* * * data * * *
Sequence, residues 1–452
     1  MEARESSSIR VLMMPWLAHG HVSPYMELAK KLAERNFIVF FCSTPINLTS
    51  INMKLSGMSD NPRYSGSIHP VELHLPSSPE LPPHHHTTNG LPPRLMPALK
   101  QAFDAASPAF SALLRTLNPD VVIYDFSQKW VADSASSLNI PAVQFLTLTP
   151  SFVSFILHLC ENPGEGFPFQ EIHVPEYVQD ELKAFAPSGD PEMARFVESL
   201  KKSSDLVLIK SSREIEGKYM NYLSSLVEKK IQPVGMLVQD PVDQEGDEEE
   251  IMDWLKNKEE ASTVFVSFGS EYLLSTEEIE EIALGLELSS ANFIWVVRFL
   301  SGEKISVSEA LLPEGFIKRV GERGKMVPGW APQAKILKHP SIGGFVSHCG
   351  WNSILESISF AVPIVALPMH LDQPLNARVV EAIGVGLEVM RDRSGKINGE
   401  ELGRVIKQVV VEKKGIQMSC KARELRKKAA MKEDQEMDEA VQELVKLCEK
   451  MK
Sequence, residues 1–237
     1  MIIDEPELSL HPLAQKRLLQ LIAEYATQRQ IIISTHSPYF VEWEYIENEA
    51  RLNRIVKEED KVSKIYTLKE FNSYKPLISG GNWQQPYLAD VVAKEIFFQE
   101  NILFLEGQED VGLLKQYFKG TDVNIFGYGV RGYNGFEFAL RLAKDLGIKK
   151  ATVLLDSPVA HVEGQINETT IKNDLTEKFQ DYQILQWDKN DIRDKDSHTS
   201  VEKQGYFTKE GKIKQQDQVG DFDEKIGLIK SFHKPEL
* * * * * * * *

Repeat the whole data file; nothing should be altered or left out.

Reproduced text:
Sequence, residues 1–452
     1  MEARESSSIR VLMMPWLAHG HVSPYMELAK KLAERNFIVF FCSTPINLTS
    51  INMKLSGMSD NPRYSGSIHP VELHLPSSPE LPPHHHTTNG LPPRLMPALK
   101  QAFDAASPAF SALLRTLNPD VVIYDFSQKW VADSASSLNI PAVQFLTLTP
   151  SFVSFILHLC ENPGEGFPFQ EIHVPEYVQD ELKAFAPSGD PEMARFVESL
   201  KKSSDLVLIK SSREIEGKYM NYLSSLVEKK IQPVGMLVQD PVDQEGDEEE
   251  IMDWLKNKEE ASTVFVSFGS EYLLSTEEIE EIALGLELSS ANFIWVVRFL
   301  SGEKISVSEA LLPEGFIKRV GERGKMVPGW APQAKILKHP SIGGFVSHCG
   351  WNSILESISF AVPIVALPMH LDQPLNARVV EAIGVGLEVM RDRSGKINGE
   401  ELGRVIKQVV VEKKGIQMSC KARELRKKAA MKEDQEMDEA VQELVKLCEK
   451  MK
Sequence, residues 1–237
     1  MIIDEPELSL HPLAQKRLLQ LIAEYATQRQ IIISTHSPYF VEWEYIENEA
    51  RLNRIVKEED KVSKIYTLKE FNSYKPLISG GNWQQPYLAD VVAKEIFFQE
   101  NILFLEGQED VGLLKQYFKG TDVNIFGYGV RGYNGFEFAL RLAKDLGIKK
   151  ATVLLDSPVA HVEGQINETT IKNDLTEKFQ DYQILQWDKN DIRDKDSHTS
   201  VEKQGYFTKE GKIKQQDQVG DFDEKIGLIK SFHKPEL